Our 5 Favorite Aquarium Plants that everyone Should Try

Our 5 Favorite Aquarium Plants That Everyone Should Try

It can be overwhelming to try to purchase live aquatic plants online. There are so many species and different care requirements. Aquarium Co-Op strives to offer a carefully curated selection that includes the most difficult and hardiest plants. However, it is sometimes nice to talk to someone in person to get some personal recommendations. We interviewed Cory McElroy, our CEO, to learn his top picks and recommend them to everyone.

1. Dwarf Sagittaria

Sagittaria subulata

One of Cory’s favorite plants has always been vallisneria, but because it can grow up to 4-6 feet (1-2 m) long, it is more suitable for larger tanks. Another grass-like plant is dwarf sagittaria. It will grow between 3 and 8 cm in high lighting, and 18 to 45 cm in low lighting. Even if you only buy one plant, it can quickly reproduce using a string of underground runners that will fill in the bottom of your aquarium. Dwarf sagittaria likes to feed from its roots, so make certain you provide it with Easy Root Tabs or nutrient rich tank substrate.

The dwarf sagittaria plant is often grown emersed (without its leaves in water) at plant farms. This means that the plant you order may not have the same shape as the photos. Not to worry – just remove the plant from the plastic pot and plant the roots in the substrate, making sure not to cover the base of the plant’s leaves. Soon enough the long, emersed leaf will begin to melt and new, shorter, skinnier leaves will emerge. A second way to plant dwarf Sagittaria is to place the entire plastic basket in an Easy Planter decoration. The root tab can be stuck inside the rock wool. The decoration protects the plant from being uprooted by fish so that it can start growing new leaves and carpeting the ground with little, grassy tufts.

2. Dwarf Aquarium Lily

Nymphaea stellata

You are looking for a stunning centerpiece plant that will wow all who visit your home? The dwarf aquarium villi is a bulb that quickly grows with bright red leaves and lily pads. It thrives even in low light conditions and is often used as a background plant to cover the rear tank wall with lush foliage.

If you order your lily from Aquarium Co-Op, you will receive a bulb covered in peat moss. Rinse off the loose peat moss and gently place the bulb on top of the ground. The bulb might initially flounder, but it will eventually sink if it is allowed to soak in the water. A cluster of shoots should grow from the bulb within one to three weeks. These will form new roots and leaves that will anchor it to the ground. If it does not, flip it over to see if it is upside down. When the plant is established and has grown to a large size, you should provide ample Easy Root tabs and nutrient-rich substrate for it to stay nourished. Our care guide for dwarf aquarium lilies contains detailed information.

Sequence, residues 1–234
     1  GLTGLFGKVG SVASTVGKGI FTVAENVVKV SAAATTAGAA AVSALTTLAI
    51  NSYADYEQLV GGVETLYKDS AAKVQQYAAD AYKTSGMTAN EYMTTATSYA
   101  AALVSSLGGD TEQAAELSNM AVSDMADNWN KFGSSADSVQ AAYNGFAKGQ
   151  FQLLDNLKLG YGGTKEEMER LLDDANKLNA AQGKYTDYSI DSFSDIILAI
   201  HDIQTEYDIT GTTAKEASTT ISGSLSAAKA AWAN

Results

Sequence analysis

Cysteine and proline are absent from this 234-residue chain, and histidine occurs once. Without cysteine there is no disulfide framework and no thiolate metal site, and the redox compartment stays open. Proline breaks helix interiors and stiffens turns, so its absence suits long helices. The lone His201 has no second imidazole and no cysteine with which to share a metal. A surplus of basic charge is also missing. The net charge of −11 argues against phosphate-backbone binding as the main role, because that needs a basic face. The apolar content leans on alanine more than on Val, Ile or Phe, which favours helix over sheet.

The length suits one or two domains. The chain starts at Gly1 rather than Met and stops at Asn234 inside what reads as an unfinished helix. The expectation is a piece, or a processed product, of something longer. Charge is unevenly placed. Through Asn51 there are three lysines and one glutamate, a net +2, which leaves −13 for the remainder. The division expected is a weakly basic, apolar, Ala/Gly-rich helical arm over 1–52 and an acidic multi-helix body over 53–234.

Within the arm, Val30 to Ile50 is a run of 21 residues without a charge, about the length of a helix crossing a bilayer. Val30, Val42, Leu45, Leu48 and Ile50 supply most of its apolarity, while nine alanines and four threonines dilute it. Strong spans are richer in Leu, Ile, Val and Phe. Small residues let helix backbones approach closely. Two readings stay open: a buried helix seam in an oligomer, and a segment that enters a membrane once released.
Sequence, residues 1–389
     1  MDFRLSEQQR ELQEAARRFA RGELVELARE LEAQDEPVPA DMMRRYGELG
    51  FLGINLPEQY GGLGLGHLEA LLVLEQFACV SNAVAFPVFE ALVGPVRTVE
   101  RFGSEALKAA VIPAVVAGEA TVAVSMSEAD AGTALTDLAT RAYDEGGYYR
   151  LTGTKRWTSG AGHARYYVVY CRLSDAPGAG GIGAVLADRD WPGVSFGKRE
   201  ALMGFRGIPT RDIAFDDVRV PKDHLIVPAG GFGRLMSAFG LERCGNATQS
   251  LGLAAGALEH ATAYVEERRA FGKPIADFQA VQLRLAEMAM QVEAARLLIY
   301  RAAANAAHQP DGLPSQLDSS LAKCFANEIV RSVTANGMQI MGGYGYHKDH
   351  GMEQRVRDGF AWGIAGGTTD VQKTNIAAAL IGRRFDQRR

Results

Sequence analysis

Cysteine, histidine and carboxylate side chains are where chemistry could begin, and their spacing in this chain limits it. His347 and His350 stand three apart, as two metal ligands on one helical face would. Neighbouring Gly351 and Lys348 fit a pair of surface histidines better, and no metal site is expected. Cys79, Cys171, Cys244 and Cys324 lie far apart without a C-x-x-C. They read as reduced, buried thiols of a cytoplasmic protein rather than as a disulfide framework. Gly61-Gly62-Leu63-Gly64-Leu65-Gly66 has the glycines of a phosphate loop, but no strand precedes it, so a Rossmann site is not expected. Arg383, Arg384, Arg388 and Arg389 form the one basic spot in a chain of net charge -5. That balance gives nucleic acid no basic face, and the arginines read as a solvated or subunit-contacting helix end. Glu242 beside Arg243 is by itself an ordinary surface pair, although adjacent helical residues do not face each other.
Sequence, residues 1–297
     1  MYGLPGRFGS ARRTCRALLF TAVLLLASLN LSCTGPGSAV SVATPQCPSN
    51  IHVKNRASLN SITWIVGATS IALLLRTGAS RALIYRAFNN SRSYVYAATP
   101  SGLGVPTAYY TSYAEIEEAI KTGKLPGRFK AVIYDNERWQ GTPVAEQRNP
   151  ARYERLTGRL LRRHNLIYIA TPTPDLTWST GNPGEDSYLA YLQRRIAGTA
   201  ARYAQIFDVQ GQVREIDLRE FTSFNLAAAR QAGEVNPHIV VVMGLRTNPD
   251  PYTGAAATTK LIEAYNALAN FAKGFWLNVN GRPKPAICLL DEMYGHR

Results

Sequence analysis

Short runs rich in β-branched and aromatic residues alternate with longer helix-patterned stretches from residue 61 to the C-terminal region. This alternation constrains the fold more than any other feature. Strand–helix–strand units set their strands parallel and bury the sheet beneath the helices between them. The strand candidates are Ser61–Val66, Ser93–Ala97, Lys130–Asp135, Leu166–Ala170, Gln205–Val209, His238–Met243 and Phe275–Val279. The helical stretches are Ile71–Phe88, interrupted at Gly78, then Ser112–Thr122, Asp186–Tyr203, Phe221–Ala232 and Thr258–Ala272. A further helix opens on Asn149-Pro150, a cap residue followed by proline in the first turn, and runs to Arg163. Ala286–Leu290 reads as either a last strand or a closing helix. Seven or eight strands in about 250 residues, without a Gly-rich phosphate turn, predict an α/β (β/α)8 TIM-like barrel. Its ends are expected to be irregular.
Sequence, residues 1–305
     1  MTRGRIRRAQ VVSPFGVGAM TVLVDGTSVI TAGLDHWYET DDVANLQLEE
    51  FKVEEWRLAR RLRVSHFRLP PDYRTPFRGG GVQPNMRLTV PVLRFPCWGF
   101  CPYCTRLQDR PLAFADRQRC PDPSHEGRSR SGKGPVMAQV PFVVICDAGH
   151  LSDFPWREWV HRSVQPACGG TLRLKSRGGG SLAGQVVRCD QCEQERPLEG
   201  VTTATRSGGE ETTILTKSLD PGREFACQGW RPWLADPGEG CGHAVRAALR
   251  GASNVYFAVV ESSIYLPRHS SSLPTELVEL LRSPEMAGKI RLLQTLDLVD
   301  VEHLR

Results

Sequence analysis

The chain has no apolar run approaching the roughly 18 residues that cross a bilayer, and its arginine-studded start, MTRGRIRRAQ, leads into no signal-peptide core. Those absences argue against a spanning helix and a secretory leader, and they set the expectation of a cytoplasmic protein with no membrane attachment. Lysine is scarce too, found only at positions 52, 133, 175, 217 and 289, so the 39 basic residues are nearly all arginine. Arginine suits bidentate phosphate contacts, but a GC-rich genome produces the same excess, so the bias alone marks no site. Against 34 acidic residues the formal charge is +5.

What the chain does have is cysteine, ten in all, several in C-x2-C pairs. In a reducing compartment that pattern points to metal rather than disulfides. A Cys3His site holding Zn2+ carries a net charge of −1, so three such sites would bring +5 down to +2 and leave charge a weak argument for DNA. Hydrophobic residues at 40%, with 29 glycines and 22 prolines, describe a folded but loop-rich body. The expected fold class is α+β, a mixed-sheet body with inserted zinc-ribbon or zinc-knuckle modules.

3. Cryptocoryne wendtii

Cryptocoryne wendtii

The Cryptocoryne genus (or “crypt” for short) is very popular because of its low light requirements, as well as its slow and steady growth that doesn’t require much pruning. Crypt wendtii, a variety of color options, is one of our most popular species. These include crinkly, green and even pink leaves. It typically reaches 6-8 inches (15-20 cm) in height, so many people use it as a midground plant, depending on the size of the aquarium. You can bury the roots, but keep the crown, or base of your leaves, above the ground. Feed it root tabs or enriched substrate to encourage healthy growth, and eventually your crypt may start producing new plantlets from its root base. If your crypt starts melting away, read our article on crypt melt for more help.

4. Pogostemon stellatus ‘octopus’

Pogostemon stellatus ‘octopus’

This spring-green-colored plant has a variety name because of the wispy long leaves that grow from each stem node. They resemble an octopus waving in water with its legs. Although the plant can withstand low light conditions, its uppermost leaves can develop a striking purple color under higher lighting. It is a perfect background plant because it grows fast and tall like most stem plants.

To plant your Pogostemon stellatus, remove the stems from the pot of rock wool and insert them as deeply as possible into the substrate to prevent them from getting uprooted. Dose the water with Easy Green all-in-one liquid fertilizer to provide all the nutrients they need to grow well. Cut the stems to the water surface. Then, replant the trimmings into the substrate. Once you have cultivated a dense forest of Pogostemon stellatus, they become the perfect hiding place for nano fish and baby fry.

5. Anubias nangi

Anubias nangi

Anubias plants are well-known in the aquarium hobby, but Anubias nangi is a newer addition to the family that features elongated, pointy leaves. This hybrid is a cross between A. barteri nana and A. gilletii and grows up to 6-12 inches (15-30cm) in height. It seems to be very hardy, even compared with other Anubias species.

You can attach your anubias to driftwood or rocks using super glue gel, or you can leave them in the plastic basket and place it inside an Easy Planter decoration. A. nangi, like most anubias is slow-growing and requires low light. It prefers liquid fertilizers such Easy Green. Anubias plants that are healthy have a rhizome, or thick horizontal stem that grows sideways. This produces bright green leaves that turn deeper green over time. If you have a smaller aquarium and do not want it to get overgrown too quickly, you can’t go wrong with A. nangi.

Check out our selection live aquarium plants for ideas on how to start your first (or twentyth) aquarium. Check out our reviews and real-life photos of each species. We will take care of your plants if they arrive damaged due to shipping issues.